- Investments - Petra Andrlikova / David Bates / Wei Li / Tom Rietz / Ashish Tiwari / Tong Yao
- Risk management / Insurance - Thomas Berry-Stoelzle / Richard Peter
- Real estate - Jay Sa-Aadu
- Behavioral finance - Tom Rietz
- Organizational behavior, teams, and leadership - Amy Kristof-Brown / Greg Stewart / Amy Colbert / Steve Courtright / Jennifer Nahrgang / Eean Crawford / Daniel Newton / Michele Williams / Semin Park
- Human resource management - Beth Livingston / Rong Su / Chad Van Iddekinge / Ken Brown
- Organizational theory - Bodi Vasi
- Strategic management - Arturs Kalnins
- Entrepreneurship - Arturs Kalnins / Michele Williams
- Research methods - Rong Su
- Consumer behavior - Cathy Cole / Alice Wang / Gary Gaeth / Andrea Luangrath / Chelsea Galoni / Bowen Ruan / DJ Nayakankuppam
- Quantitative modeling - Gary Russell / Tom Gruca / Ying Yang / Tak Lee
Additional areas of focus:
- Choice modeling - Gary Russell
- Data mining - Tom Gruca / Tak Lee
- Sales force - Ying Yang
- Healthcare - Tom Gruca / Gary Gaeth / John Murry
- Marketing strategy - Tom Gruca
- Prediction markets - Tom Gruca
- Elderly consumer issues - Cathy Cole / Alice Wang
- Judgment and decision-making - Gary Gaeth / Bowen Ruan / DJ Nayakankuppam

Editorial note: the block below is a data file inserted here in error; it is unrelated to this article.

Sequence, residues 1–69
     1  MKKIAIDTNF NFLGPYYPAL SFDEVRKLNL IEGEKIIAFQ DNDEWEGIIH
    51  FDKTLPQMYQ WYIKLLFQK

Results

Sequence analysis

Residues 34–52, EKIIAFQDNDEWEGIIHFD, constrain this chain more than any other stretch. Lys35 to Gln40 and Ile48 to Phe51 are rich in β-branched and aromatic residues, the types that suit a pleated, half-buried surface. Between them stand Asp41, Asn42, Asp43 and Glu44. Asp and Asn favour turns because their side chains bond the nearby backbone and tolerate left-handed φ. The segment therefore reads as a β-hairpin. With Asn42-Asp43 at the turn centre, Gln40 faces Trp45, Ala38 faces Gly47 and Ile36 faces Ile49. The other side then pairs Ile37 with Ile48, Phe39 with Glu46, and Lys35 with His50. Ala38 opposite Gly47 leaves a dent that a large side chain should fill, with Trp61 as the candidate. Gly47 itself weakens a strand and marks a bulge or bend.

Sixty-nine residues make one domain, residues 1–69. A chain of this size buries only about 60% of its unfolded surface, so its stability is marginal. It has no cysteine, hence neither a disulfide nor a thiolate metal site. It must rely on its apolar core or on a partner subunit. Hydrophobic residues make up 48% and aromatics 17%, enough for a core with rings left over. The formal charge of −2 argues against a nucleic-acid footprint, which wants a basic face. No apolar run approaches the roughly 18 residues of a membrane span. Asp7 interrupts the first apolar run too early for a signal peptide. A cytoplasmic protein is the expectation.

- Sensory marketing - Andrea Luangrath
- Psychological ownership - Andrea Luangrath / DJ Nayakankuppam
- Product and brand management - John Murry / Gary Russell
- Data analysis - Gary Russell / Tom Gruca / Tak Lee
- Category management - Gary Russell
- Physiological research (eye tracking, etc.) - Andrea Luangrath / DJ Nayakankuppam
Featured research initiatives
Tippie is home to groups of researchers whose interests are aligned around some of the most salient issues of our time, including healthcare, women in business, futures markets, social responsibility, and sustainability.
A group of Tippie researchers organized around the broad topic of social responsibility and sustainability, and connecting their work to the United Nations Sustainable Development Goals.
Behavioral Research Seminar
The behavioral research seminar is a low-pressure, friendly setting for Tippie researchers to share ideas and seek suggestions. The seminar meets over the lunch hour on a biweekly or monthly basis.